Table 3 CME/ICME vs. solar-source properties: overview of statistical works summarizing correlation coefficients between different variables [\(r_{\mathrm{s}}\)]: unsigned flare-ribbon magnetic-reconnection flux and its peak rate [\({\Phi}_{\mathrm{rbn}}\) and \(\dot{\Phi}_{\mathrm{rbn}}\)], peak CME speed and acceleration [\(V_{\mathrm{CME}}\) and \(a_{\mathrm{CME}}\)], current sheet energy [\(W_{\mathrm{CS}}\)], CME energy [\(E_{\mathrm{CME}}\)], CME mass [\(M_{\mathrm{CME}}\)], unsigned dimming magnetic flux and its peak rate of change [\(\Phi _{\mathrm{dim}}\) and \(\dot{\Phi}_{\mathrm{dim}}\)], and magnetic-cloud poloidal flux [\(\Phi _{\mathrm{p,MC}}\)]. For reference, AR area, non-potentiality, total current, PIL length, soft X-ray peak flux, and fluence are only moderately correlated with CME speeds: \(r_{\mathrm{s}}([\Phi _{\mathrm{AR}},I_{\mathrm{tot}},l_{\mathrm{PIL}}],V_{\mathrm{CME}})=[0.4-0.5]\) (438 events, Pal et al., 2018) and \(r_{\mathrm{s}}([X,F],V_{\mathrm{CME}})=[0.5,0.6]\) (49 events, Salas-Matamoros and Klein, 2015). See Section 5 for details.

CME vs. Ribbon Properties

CME accelerations vs. reconnection flux rates (Table 3, Figures 8 and 9, left panel): If reconnection is the driver for the CME ejection, then according to Forbes and Priest (1984) and Poletto and Kopp (1986) a temporal correlation is expected between the magnetic-reconnection rate and the CME acceleration. Figure 8 right panel shows an example of a CME–flare event where CME acceleration temporally correlates with the ribbons’ magnetic-reconnection rate (Hu et al., 2014). Song et al. (2018) also found similar correlations using higher spatio–temporal-resolution observations. Recently, Zhu et al. (2020) analyzed reconnection rates and CME acceleration profiles in 42 events, finding a strong correlation between the two regardless of the CME speed, \(r_{\mathrm{s}}(\dot{\Phi}_{\mathrm{rbn}},a_{\mathrm{CME}})=0.75\) (see Figure 9, left panel). For 42 events they found that the CME acceleration and flare-reconnection rate exhibit very similar temporal profiles from rise to decay and the temporal correlation between the two is stronger than the correlation between either of them and the time derivative of the GOES/SXR light curve (Salas-Matamoros and Klein, 2015). This relationship implies that reconnection is key in the CME acceleration process.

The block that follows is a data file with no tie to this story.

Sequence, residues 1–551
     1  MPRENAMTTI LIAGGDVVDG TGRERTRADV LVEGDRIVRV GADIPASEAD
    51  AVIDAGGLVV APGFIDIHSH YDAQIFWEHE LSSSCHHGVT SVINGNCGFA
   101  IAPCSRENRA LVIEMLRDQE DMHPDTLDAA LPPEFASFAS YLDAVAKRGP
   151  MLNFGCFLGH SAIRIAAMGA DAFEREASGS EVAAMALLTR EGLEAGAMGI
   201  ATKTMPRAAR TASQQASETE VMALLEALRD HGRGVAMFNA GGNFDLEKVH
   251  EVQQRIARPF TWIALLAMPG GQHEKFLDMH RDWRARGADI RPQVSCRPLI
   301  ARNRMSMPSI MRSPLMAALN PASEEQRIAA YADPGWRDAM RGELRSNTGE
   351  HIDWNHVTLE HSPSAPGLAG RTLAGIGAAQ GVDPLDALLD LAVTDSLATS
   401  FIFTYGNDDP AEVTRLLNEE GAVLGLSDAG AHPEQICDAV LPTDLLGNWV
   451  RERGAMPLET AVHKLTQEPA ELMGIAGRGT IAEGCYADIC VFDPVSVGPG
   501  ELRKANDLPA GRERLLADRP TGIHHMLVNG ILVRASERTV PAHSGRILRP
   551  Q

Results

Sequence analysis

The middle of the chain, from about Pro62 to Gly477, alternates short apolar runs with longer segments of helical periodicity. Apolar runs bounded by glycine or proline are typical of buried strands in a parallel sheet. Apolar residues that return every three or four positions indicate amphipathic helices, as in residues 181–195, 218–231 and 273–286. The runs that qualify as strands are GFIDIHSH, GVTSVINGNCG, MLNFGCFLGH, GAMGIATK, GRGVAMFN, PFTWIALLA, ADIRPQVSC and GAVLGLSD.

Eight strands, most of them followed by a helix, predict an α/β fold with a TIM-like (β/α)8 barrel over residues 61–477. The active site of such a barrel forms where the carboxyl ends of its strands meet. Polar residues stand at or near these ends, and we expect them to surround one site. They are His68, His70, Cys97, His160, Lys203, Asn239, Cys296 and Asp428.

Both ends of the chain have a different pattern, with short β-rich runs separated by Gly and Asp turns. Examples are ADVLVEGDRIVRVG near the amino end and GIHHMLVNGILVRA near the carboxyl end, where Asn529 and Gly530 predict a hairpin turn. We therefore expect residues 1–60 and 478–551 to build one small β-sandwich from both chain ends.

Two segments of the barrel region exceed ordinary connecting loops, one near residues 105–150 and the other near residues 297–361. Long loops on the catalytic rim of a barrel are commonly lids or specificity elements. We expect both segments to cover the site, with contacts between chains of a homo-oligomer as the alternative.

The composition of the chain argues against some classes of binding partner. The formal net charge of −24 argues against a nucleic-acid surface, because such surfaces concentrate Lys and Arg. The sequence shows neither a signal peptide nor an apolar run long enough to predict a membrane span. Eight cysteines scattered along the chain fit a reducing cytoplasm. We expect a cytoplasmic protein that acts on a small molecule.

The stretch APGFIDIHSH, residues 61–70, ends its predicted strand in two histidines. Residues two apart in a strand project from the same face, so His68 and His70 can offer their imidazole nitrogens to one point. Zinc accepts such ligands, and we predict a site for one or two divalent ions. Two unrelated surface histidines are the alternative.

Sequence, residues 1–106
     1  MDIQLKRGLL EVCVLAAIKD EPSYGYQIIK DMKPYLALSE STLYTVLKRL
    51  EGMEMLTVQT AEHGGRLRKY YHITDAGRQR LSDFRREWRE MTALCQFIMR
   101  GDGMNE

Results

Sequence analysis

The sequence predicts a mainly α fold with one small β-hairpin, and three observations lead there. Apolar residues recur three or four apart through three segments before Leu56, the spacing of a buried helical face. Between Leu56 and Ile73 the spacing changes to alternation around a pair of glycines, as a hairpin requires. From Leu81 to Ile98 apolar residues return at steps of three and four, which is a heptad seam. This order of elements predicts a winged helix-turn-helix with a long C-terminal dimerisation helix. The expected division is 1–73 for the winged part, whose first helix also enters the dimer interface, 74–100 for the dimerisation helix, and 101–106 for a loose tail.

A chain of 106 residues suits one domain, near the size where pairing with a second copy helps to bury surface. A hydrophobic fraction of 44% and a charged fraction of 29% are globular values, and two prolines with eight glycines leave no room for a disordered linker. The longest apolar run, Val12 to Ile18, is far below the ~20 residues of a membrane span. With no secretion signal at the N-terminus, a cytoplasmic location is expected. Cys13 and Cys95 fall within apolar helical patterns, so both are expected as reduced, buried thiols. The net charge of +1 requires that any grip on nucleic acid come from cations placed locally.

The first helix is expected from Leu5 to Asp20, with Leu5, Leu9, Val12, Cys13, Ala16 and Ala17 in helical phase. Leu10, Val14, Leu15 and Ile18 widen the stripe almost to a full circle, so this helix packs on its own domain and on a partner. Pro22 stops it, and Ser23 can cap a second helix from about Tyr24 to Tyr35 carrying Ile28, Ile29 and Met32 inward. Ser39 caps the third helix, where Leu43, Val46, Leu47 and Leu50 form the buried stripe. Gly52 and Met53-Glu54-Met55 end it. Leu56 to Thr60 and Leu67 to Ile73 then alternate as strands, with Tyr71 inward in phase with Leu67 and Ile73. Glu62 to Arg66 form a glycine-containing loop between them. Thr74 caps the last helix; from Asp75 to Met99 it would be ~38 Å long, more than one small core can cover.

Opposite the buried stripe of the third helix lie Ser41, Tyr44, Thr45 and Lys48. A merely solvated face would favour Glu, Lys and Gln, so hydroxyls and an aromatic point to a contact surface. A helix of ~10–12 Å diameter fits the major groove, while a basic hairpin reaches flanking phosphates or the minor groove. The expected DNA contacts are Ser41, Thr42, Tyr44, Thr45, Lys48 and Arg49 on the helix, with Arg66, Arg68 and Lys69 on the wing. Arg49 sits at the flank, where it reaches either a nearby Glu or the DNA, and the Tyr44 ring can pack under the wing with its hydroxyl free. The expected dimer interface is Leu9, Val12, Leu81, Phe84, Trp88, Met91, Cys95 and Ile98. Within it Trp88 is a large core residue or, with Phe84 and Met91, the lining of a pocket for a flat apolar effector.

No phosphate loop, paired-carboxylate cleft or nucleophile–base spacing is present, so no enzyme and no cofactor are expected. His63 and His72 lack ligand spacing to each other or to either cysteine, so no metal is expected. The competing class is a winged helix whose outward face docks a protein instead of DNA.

Figure 8
figure 8

Comparison of temporal evolution of CME speed and acceleration with ribbon and dimming properties (Hu et al., 2014). Left: CME core and front heights (blue and violet) measured vs. the flare-reconnection flux (red) and inverted EUV 171 Å active-region intensity showing the occurrence of dimming followed by formation of bright post-flare loops (black). Right: CME core velocity (blue), acceleration (black) and the reconnection rate (red). See Section 5.1 for details. Reproduced with the authors’ permission.

Figure 9
figure 9

CME kinematics vs. ribbon and dimming properties: Left: CME peak acceleration vs. the reconnection rate and Middle: the CME maximum speed vs. the reconnection flux (Zhu et al., 2020). The dashed line marks 600 km s−1, roughly separating two types of CMEs based on their maximum speeds. Lines show linear fits. Right: Absolute mean intensity of the dimming vs. the CME maximum speed (Dissauer et al., 2019). See Section 5.1 and Section 5.2 for details. Reproduced with the authors’ permission.